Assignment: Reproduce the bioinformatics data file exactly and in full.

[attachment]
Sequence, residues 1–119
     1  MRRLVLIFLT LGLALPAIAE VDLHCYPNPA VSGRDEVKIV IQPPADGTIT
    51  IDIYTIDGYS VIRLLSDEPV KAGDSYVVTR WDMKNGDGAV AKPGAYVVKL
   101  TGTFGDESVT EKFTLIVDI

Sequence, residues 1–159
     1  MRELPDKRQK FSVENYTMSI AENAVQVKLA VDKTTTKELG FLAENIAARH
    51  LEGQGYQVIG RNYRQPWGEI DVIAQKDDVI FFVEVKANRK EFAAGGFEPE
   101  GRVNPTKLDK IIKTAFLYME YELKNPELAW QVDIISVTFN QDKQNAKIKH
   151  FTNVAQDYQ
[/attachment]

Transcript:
Sequence, residues 1–119
     1  MRRLVLIFLT LGLALPAIAE VDLHCYPNPA VSGRDEVKIV IQPPADGTIT
    51  IDIYTIDGYS VIRLLSDEPV KAGDSYVVTR WDMKNGDGAV AKPGAYVVKL
   101  TGTFGDESVT EKFTLIVDI

Sequence, residues 1–159
     1  MRELPDKRQK FSVENYTMSI AENAVQVKLA VDKTTTKELG FLAENIAARH
    51  LEGQGYQVIG RNYRQPWGEI DVIAQKDDVI FFVEVKANRK EFAAGGFEPE
   101  GRVNPTKLDK IIKTAFLYME YELKNPELAW QVDIISVTFN QDKQNAKIKH
   151  FTNVAQDYQ